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Cybersecurity is a multifaceted industry, so there is often confusion about how to enter the field. In this article, we’ll demystify cybersecurity, explore industry job prospects, and detail how to get into cybersecurity (even if you don’t have experience).
What is Cybersecurity?
Cybersecurity involves protecting digital assets and their owners from malicious actors. “Digital asset” is an umbrella term for anything that exists in digital form and has significant value. A digital asset could include personal data, documents, websites, servers, and networks.
To be a great cybersecurity expert, you need technical skills such as risk assessment, intrusion detection, command of programming languages, and familiarity with the Linux operating system.
Cybersecurity Job Outlook
Although rightfully known as a lucrative field, the cybersecurity industry is riddled with talent gaps. There simply aren’t enough cybersecurity professionals for the job market.
As of 2021, the US had more than 1 million cybersecurity experts, but there were 715,000 open jobs left. As of April 2022, this skills gap hadn’t closed much, according to Cyberseek. The high demand for skilled professionals in this industry points to strong job prospects for new cybersecurity specialists.
The US Bureau of Labor Statistics (BLS) projects a 35% job growth for information security analysts from 2021 to 2031. This growth is about four times faster than the projected average growth rate for all jobs nationwide, making Information Security Analysts the 14th fastest growing occupation in the country.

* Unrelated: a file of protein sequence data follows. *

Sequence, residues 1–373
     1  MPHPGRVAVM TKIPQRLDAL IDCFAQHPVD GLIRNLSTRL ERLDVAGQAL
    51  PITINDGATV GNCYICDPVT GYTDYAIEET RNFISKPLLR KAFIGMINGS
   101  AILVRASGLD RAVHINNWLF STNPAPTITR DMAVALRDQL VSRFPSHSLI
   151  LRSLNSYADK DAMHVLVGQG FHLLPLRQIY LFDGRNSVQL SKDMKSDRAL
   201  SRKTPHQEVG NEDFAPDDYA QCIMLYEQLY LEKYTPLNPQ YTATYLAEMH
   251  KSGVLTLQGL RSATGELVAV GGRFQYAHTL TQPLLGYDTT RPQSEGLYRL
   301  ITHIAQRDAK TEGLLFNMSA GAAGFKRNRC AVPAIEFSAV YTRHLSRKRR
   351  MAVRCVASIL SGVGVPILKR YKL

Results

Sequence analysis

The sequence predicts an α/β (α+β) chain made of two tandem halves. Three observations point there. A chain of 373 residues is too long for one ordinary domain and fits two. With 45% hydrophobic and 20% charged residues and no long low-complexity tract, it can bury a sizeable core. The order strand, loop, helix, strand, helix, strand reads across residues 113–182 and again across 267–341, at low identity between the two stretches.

In 2021, Cybercrime Magazine projected that there would be 3.5 million open cybersecurity jobs by 2025.
Cyber Security Salaries
One factor that sets cybersecurity apart from other fields is its high earning potential, available even to entry-level workers. The BLS reports that the median annual salary for information security analysts was $102,600 as of May 2021. That’s more than double the national median annual salary for all occupations.
According to Cyberseek, the average salary range for entry-level cyber security workers is between $88,230 and $110,000 per year. Please note that cybersecurity salaries may vary by position and location.
How to get into cybersecurity
get a degree
About 90% of job openings in this field require a bachelor’s degree in cybersecurity, computer science, or a related field. A traditional degree is still the most popular path to start a career in cybersecurity.
You can earn a cybersecurity degree online or in person. If you’re not in a position to commit to a four-year degree, even an associate in cyber or computer security can open the door in most cases.
You may be wondering how to gain experience in cybersecurity without first getting a job in the field. For starters, consider internships. An internship equips you with the practical skills and experience that employers are looking for. It also gives you a competitive edge over other applicants when you finally start looking for a job.
Cybersecurity internship opportunities may or may not be paid, depending on the company.
Other ways to gain relevant experience include working on cybersecurity projects solo and contributing to open source projects.
Whichever path you take, be sure to document your progress and experience. Include these details in your coding portfolio to improve your chances of landing a job.
Cybersecurity certifications demonstrate that your cybersecurity knowledge and experience meet strict industry standards. These credentials can enhance your marketability and earning potential as an employee.
There are numerous certifications available for cybersecurity professionals. Below are some of the more common options.
CISP: The Certified Information Systems Security Professional certification is issued by the International Information Systems Security Certification Consortium (ISC)². This credential is ideal for cybersecurity professionals with at least five years of experience. This designation is a ticket to the top position of chief information security officer (CISO).